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Don’t be a scruffy-looking nerf herder, JJ Abrams
“Dear JJ Abrams, Please don’t mess this up. Love, Everyone”
With the first of the new Star Wars movies entering production soon, one YouTube user has decided to spearhead a very important cause: laying out four ground rules for director J.J. Abrams to abide by before he lines up a single shot.
George Lucas’ original trilogy of Star Wars films—a staple of science fiction, fantasy, and Kevin Smith movies—took an unexpectedly dark turn in 1999 with the release of Star Wars Episode I: The Phantom Menace. From Jar Jar Binks to Natalie Portman’s wooden acting, the movie and its two sequels cast a long shadow on what was the holiest of movie trilogies.
In January 2013, news that Star Trek helmsman J.J. Abrams would be shifting his focus away from New Vulcan and Enterprise ships to the likes of Tattooine and the Death Star exploded on the Internet. Fans’ desires to see new life breathed into their beloved franchise after several years full of mediocre prequels had come true. To ensure the next three films deliver the same maximum level of enjoyment the original trilogy did, starring an enslaved Carrie Fisher and a trigger-happy Harrison Ford, fans are pleading with Abrams that he not screw up the forthcoming flicks.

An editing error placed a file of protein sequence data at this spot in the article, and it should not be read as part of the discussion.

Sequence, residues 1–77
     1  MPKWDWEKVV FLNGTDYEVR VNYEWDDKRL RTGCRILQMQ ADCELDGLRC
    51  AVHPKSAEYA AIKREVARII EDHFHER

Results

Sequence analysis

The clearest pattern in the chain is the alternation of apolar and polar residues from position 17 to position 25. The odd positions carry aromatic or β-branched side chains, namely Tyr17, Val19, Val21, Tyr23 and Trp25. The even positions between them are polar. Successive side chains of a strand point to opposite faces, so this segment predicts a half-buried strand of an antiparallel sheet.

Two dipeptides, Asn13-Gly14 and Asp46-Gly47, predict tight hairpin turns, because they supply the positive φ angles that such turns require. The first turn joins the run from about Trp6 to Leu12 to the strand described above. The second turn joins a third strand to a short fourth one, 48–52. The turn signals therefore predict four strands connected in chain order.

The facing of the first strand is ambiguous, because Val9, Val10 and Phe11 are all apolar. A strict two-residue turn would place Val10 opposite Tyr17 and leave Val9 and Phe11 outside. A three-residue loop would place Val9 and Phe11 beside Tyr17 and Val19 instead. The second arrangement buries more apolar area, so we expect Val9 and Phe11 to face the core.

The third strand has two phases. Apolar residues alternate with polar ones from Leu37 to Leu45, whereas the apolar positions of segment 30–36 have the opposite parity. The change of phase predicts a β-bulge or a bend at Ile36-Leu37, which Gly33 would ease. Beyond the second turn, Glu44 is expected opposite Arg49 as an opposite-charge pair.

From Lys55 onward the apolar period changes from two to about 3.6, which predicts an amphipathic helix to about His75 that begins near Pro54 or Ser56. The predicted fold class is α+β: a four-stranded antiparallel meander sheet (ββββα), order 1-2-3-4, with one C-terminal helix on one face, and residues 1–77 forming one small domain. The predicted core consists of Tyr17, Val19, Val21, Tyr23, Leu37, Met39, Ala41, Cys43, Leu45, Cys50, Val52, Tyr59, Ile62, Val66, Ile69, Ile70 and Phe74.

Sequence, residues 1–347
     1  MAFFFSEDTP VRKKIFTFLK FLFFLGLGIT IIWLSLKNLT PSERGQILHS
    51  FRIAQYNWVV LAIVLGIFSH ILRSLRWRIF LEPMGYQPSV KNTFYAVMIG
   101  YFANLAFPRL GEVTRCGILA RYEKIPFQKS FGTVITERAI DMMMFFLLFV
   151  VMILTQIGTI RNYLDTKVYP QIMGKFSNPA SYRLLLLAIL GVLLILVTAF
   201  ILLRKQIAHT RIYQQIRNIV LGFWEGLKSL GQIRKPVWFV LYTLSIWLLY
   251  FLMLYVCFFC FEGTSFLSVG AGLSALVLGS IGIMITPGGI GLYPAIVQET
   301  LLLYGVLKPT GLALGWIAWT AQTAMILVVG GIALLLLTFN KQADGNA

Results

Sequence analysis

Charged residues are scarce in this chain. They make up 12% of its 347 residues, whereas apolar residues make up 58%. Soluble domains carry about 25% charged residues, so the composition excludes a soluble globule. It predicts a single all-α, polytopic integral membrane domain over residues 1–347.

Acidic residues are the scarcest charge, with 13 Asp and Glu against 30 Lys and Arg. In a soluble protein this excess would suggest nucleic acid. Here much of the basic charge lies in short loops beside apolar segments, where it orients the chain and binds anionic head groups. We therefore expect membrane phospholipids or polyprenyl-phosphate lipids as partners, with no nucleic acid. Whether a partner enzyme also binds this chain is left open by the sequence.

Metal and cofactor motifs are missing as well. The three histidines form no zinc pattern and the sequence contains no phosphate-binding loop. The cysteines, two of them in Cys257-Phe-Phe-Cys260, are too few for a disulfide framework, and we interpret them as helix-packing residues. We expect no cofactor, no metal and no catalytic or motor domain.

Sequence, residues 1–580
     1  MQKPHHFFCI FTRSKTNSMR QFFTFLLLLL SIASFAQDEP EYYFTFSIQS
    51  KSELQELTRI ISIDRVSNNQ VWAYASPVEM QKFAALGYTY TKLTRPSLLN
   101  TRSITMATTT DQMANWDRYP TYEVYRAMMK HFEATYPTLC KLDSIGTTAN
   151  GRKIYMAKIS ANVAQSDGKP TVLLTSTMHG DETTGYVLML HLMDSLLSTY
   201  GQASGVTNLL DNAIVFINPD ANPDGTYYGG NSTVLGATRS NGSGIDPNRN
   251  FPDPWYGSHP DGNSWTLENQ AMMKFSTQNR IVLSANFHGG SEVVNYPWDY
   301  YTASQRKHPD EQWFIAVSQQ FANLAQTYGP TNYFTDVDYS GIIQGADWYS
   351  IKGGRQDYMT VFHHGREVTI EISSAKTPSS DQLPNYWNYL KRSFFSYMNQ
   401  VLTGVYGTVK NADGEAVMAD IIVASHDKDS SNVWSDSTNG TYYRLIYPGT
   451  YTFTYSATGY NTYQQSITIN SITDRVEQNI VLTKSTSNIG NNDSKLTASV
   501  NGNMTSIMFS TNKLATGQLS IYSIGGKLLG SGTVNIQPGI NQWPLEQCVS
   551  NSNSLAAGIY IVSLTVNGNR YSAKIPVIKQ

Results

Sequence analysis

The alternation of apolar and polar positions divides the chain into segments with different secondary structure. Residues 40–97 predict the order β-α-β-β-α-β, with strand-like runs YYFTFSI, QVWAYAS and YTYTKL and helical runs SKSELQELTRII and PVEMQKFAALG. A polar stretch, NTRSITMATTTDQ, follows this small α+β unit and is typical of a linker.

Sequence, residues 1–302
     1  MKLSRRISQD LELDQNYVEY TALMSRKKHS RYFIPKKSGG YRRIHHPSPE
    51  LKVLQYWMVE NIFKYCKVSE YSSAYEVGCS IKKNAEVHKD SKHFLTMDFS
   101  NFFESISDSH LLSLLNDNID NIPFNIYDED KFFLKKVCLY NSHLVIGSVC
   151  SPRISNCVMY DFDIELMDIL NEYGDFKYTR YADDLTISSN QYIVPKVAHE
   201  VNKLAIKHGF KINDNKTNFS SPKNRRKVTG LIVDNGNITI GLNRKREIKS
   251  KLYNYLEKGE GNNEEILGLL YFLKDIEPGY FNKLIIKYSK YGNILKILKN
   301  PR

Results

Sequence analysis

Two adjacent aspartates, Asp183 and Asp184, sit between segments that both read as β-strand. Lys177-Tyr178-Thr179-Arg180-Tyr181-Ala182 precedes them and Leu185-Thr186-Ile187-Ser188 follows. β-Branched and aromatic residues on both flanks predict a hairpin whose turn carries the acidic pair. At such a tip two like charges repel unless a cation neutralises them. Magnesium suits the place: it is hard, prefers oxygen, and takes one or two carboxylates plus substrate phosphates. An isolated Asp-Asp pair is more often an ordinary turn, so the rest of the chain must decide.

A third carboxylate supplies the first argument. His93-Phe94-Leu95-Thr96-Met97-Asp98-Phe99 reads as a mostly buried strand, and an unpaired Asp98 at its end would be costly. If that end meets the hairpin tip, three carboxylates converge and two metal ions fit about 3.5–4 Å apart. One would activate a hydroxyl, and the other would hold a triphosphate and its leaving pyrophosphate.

Does everyone understand? We need to move back to the gritty, imperfect frontier full of not-so-adorable creatures and embrace the Force as nothing more than magic.
In addition to TrumanPDX’s video, which already has over 79,000 views, proponents of the cause have set up a website where fans can plead with Abrams—or, more accurately, Abrams’ junk email folder—to not screw this up. The group also advocates using the Twitter hashtag #dearjjabrams to further expand the cause.
Return the story to its original wonder, Mr. Abrams. Otherwise, something a lot more frightening than Stormtroopers will be released on you: angry Star Wars fans. And boy, do they hold grudges.
H/T Steampunk Boba Fett | Screengrab via TrumanPDX/YouTube
Mike Fenn is a former contributor to the Daily Dot whose beats included Reddit, YouTube, and all things WTF. His work has also appeared in Forbes and News.com.au.